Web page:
TRAVELS IN THE TIME OF CORONA
... AND WAR
9 HOURS IN ISTANBUL
Travel industry publicist Geoffrey Weill takes us through his layover in Istanbul, seeing the best of the city in nine hours.
In 2008, I flew nonstop from JFK to Bangkok aboard Thai Airways International. It was sixteen mind-numbing hours on an Airbus A340-500 sitting in Business next to a gentleman in a tie and suit who, as far as I recall from my waking hours, never moved a muscle, never watched a movie, never read. Back then, “flat seats” were those with a 20% angle, so it was like lying on a ski slope clenching your calf muscles to avoid ending up on the floor in a heap. The route wasn’t a big success, and was withdrawn after a few years.
Flash forward to 2022 and there are no longer nonstops from New York to Bangkok, but I am Bangkok bound. As Bangkok is virtually equidistant from New York to Bangkok whether you fly east or west, I elected to fly eastward as flying west gives me jetlag that lasts about three months. I cheapest way to fly Business from New York to Thailand was aboard Finnair, but I was nervous of its probable routing over wartime Russia. European and the gulf airlines were an option, but I have a penchant for airlines whose Business Class is the “best” class on board. Why? Because airlines that also have First Class, have to make their Business Class just a little crappier, just a little more austere, so that there is a recognizable difference between it and First. Inevitably, airlines for whom Business is their “best,” the service and atmosphere is almost always closer to the higher style of First.
I settled on one of my favorites, Turkish – despite – or because - it included a nine-hour stopover in Istanbul. You see, I like stopovers. They give you a tiny moment of realization that you are actually flying around the world – not being inserted at home into a metal tube and a couple of meals and naps later being disgorged discombobulated at your destination. Most people don’t agree with me. But I like the idea of the “journey.” And spending nine hours in one of the most super cities on earth, adds to that “like.”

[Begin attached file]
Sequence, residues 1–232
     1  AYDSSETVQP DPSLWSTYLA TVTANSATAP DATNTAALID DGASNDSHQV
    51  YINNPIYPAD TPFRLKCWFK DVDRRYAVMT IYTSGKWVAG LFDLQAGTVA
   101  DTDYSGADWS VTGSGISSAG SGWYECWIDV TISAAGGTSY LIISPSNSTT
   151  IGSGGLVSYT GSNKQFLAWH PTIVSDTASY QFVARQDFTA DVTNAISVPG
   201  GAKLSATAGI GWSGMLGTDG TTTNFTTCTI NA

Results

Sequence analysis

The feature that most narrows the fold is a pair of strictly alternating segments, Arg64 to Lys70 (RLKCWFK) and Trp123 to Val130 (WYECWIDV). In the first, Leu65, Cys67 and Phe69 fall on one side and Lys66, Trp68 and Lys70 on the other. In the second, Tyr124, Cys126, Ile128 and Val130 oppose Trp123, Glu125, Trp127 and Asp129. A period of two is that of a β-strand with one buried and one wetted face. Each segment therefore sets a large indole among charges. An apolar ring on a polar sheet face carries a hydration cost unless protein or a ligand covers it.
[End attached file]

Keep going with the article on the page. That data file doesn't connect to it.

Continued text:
I boarded a Turkish A330-300 at Newark and soon after the midnight takeoff, an elegant candlelit (yes twinkly LED candles on every table) was served. Like Austrian Airlines, Turkish’s catering is performed by Vienna’s gourmet caterer DO & CO, and a chef wearing a white apron and a white toque actually “finishes” the plating service. The meal was far more elegant, tasty, and served course-by-course, unlike in the Business of those carriers who have to make evident you’re not getting quite-as-good service as those who’ve paid double to sit all the way up front. Most of the passengers and all the crew wore masks.
After a seven-hour sleep on a flat bed...made-up at bedtime by the crew with a cushiony underblanket and duvet, I ordered two cappuccinos – yes, cappuccino, not the usual airline coffee swill, and we landed at 4:30PM at Istanbul’s monumental new airport. Yes, I could have sat nine hours in what is probably the world’s largest Business Class lounge. But, instead, I kept my mask on, exited through immigration and found my name on a sign. I was ushered to a limo that whooshed me along clogged expressways into the city. We crossed the Galata Bridge at sunset and I admired the exquisite panorama of the Bosporus, of Asia, of the Golden Horn. I met my guide, Saleh in the old city. We strolled its narrow streets, with their plentiful stores, crowds young and old, and seven-hundred-and-fifteen thousand shops selling Turkish Delight. I did some shopping (only in Istanbul can you buy pillows shaped and looking like every sort of cat), then we strolled to an open-air restaurant for Turkish mezze and lamp chops. I’d hired a guide who wasn’t guidey. He was intelligent, intellectual, young, reactionary, critical, charming. He had no problem being open about his life, his studies, his girlfriend, his opinion of the government, the trauma of being circumcised wide awake aged seven.
After dinner, we ambled to the Cağaloğlu hamam, serving Turks and infidels since 1741. Saleh checked me in for my ninety-minute steam, scrub, and oil massage. I changed into a cotton towel, and was led into the domed three-centuries-old steam room. I fried on a marble slab, and a chunky betoweled attendant scraped my skin raw, helping me lose about a kilo of schmutz. He soaped, he rinsed with hot water, then soaped, manage to get some my eyes, then rinsed me with cold water, then lay me flat again to fry some more. Twenty minutes later, I staggered into the massage room, where a chunkier, sweatier attendant oiled and massage me, finding and pounding into the walnuts of stress in my shoulder blades. A quick shower, and I felt calm, clean, renewed, refreshed, and not the least bothered or bewildered.
Saleh was waiting for me at the exit, and it was back onto the now emptier expressways to the airport. I waved my issued-in-Newark boarding pass, was fast-tracked through security, and was back in the Business Class lounge for a little email catch-up, and a Hendrick’s and tonic. My flight was called. Clean and pert, I walked to the gate and was back on a Turkish A330, ready of another candlelit dinner, and a long overnight nap.
I had just had a short, and totally super vacation in Istanbul. Layovers are the best.